Despite master Craven at the helm, My Soul to Take is an unmitigated failure. After its passable, abet cliché, opening, the film spirals so senselessly out of control that it is difficult to form a coherent critical analysis. From the opening scene, Craven refuses to settle on a tone, haphazardly mixing horror and comedy with what I assume is an attempt at social commentary on everything from cell phones and high school cliques to religion and mental illness. For a good thirty minutes I forgot I was not watching some lame Mean Girls rip-off complete with a sassy Queen Bee who orders the jocks to beat up Bug.
The film mimics the vibe Craven nailed fifteen years ago in Scream. Students sit in class and speak in the same wiseass dialogue that Rose McGowan and Neve Campbell ping-ponged back and forth in Woodsboro. And considering the reaction one character gives upon receiving a mobile phone for his birthday, you would think it was 1996. But unlike Scream, which stands as a pillar of self-aware terror, so much of My Soul to Take is incredibly stupid. Characters act without a shred of motivation and give their deceased classmates little more than a casual glance. Not one deed in the film has any meaningful effect on the proceedings. Everything about the Riverton Seven and the Ripper is phony, and a modern audience has surely seen it all a hundred times before.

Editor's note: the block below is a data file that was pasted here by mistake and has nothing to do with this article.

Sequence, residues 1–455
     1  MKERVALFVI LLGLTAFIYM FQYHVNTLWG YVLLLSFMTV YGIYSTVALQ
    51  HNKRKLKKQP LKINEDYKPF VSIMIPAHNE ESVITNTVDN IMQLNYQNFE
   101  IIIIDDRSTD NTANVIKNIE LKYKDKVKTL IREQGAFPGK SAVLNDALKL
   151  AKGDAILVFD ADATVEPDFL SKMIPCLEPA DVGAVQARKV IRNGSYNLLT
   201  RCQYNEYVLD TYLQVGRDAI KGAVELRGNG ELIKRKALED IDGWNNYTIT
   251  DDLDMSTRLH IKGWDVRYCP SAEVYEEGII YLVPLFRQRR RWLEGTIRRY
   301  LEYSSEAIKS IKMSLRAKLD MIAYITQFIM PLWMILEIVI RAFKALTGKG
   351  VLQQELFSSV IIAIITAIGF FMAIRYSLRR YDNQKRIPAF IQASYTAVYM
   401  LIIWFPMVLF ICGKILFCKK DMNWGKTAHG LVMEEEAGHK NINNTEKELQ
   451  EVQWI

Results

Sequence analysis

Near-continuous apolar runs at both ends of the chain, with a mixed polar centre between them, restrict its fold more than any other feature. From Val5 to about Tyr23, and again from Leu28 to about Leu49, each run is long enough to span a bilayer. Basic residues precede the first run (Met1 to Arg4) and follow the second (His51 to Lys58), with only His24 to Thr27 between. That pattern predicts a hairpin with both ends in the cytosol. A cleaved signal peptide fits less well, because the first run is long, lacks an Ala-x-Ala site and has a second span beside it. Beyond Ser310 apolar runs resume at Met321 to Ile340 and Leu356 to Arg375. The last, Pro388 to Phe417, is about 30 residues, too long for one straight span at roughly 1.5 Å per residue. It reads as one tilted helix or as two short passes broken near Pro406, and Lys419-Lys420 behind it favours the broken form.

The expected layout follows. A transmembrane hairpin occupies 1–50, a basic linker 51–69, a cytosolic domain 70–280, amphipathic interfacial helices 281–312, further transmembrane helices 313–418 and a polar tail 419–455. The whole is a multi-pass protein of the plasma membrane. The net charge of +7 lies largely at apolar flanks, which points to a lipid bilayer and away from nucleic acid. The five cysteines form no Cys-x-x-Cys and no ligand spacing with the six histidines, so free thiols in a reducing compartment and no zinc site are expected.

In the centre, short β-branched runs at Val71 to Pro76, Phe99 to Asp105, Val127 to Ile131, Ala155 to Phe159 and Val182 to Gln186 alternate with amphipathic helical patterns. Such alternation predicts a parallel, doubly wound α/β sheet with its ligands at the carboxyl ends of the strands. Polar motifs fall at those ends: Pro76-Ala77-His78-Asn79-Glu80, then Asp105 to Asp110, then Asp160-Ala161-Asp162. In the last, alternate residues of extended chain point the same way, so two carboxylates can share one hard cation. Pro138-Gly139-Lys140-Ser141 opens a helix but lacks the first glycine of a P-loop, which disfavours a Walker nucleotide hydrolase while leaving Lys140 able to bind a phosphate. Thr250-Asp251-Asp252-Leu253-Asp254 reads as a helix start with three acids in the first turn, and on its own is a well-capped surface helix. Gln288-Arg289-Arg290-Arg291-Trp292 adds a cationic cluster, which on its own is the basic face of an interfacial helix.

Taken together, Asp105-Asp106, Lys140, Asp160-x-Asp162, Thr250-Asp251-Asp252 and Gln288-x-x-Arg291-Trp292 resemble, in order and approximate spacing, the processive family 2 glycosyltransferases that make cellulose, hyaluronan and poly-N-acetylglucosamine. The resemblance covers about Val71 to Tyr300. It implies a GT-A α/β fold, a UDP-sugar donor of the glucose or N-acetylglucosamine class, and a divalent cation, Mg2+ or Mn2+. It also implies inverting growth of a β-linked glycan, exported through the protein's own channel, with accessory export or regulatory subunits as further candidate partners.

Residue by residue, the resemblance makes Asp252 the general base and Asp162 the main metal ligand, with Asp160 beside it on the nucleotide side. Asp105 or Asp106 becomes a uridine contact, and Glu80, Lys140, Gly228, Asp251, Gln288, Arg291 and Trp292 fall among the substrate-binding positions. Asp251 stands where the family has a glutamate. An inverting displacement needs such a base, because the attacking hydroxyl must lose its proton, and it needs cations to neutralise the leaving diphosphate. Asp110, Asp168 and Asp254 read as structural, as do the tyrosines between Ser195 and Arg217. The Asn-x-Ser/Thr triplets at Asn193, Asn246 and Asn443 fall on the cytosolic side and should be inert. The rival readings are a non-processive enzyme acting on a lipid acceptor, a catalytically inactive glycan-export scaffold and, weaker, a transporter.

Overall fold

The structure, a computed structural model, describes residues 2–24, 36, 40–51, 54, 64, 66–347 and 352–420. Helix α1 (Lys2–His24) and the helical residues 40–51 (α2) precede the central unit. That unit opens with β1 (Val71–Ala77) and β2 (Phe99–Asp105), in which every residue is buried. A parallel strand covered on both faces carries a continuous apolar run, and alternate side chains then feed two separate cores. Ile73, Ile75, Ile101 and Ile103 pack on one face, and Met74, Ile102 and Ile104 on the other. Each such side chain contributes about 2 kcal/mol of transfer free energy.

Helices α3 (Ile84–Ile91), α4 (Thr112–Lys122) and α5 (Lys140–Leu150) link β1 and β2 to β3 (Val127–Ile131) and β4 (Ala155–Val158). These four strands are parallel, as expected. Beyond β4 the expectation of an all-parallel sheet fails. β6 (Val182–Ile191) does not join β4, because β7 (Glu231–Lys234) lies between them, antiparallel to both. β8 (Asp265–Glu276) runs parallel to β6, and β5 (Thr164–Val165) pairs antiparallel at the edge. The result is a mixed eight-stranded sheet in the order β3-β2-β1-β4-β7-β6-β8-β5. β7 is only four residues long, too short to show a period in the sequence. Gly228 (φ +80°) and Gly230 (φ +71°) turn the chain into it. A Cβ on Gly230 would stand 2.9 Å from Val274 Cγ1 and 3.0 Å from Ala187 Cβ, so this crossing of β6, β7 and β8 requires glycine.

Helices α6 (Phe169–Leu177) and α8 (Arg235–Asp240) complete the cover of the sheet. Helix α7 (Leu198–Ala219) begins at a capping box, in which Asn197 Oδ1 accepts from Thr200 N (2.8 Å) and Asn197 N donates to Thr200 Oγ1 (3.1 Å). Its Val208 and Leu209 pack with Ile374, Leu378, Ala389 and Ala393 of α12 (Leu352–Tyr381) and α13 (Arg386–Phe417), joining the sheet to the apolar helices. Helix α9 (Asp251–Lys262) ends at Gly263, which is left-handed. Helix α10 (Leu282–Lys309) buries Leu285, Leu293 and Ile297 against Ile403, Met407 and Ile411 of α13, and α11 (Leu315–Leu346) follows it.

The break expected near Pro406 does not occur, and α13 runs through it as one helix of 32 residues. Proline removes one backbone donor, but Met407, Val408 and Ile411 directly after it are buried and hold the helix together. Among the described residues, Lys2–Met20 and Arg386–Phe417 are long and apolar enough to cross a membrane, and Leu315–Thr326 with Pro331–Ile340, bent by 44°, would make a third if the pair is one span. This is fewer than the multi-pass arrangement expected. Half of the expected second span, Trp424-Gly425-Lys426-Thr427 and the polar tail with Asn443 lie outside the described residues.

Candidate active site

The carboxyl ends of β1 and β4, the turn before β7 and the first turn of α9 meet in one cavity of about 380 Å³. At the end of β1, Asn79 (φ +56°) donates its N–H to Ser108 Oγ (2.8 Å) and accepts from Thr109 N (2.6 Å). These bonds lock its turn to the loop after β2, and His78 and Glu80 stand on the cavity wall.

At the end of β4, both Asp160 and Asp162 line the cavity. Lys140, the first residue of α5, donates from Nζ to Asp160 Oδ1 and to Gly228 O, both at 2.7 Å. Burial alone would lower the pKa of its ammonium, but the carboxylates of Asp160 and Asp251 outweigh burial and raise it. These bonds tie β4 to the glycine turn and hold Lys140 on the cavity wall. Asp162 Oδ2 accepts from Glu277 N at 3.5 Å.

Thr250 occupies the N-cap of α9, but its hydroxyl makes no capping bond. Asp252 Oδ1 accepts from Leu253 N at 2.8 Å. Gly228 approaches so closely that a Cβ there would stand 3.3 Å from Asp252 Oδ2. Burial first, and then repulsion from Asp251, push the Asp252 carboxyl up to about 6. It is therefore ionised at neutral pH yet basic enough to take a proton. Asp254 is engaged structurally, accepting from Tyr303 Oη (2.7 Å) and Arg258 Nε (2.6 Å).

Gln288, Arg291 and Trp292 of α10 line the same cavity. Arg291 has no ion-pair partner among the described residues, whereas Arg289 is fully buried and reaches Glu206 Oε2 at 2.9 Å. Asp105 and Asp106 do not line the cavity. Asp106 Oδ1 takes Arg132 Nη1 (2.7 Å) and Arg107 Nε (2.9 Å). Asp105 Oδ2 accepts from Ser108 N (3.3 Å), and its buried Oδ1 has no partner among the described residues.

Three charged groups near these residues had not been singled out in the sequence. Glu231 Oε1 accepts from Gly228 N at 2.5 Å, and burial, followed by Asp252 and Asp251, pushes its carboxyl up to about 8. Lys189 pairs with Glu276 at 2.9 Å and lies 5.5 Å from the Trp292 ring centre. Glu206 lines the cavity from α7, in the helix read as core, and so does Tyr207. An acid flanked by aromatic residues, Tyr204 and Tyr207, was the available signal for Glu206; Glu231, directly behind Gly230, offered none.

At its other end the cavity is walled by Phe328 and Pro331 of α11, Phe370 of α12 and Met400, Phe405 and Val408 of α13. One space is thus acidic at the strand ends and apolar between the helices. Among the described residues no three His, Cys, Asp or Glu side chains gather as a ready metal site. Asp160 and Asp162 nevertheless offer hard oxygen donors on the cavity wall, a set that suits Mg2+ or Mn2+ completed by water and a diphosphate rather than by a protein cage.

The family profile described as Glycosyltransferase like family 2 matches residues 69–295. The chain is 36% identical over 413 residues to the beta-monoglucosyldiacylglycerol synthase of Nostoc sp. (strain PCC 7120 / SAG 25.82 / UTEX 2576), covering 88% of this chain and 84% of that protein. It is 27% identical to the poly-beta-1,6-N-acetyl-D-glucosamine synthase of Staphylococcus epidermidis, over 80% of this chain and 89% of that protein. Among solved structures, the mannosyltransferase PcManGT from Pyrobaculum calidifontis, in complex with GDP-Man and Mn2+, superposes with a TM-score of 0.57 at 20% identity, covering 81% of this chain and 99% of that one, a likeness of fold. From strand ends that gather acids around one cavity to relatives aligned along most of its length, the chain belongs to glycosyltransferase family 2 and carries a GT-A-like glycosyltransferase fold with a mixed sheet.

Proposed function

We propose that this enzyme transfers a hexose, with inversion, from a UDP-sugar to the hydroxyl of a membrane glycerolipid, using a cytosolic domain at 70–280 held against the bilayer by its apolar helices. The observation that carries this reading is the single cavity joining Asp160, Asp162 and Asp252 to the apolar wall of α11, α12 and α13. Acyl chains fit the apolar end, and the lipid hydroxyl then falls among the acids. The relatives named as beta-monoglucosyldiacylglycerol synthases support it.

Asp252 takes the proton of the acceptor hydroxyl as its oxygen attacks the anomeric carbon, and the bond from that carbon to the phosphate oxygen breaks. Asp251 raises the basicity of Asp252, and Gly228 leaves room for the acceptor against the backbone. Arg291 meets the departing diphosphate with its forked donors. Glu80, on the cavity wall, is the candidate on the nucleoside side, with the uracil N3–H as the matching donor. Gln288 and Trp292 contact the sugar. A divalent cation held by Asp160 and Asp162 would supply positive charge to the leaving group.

As for the horror, it appears Craven took a bunch of neighborhood kids into his backyard, sprayed them with ketchup and instructed them to play dead. There is not a single scare or instance of creative gore to be found in My Soul to Take. Of the very few kills in the film, the majority are off-camera, and the ones shown are Lifetime movie lame. To make matters worse, Craven rips off several shots from his own famous films and horror classics like Halloween. Are viewers to assume Craven is lambasting horror films in general or simply emulating the style of a hack?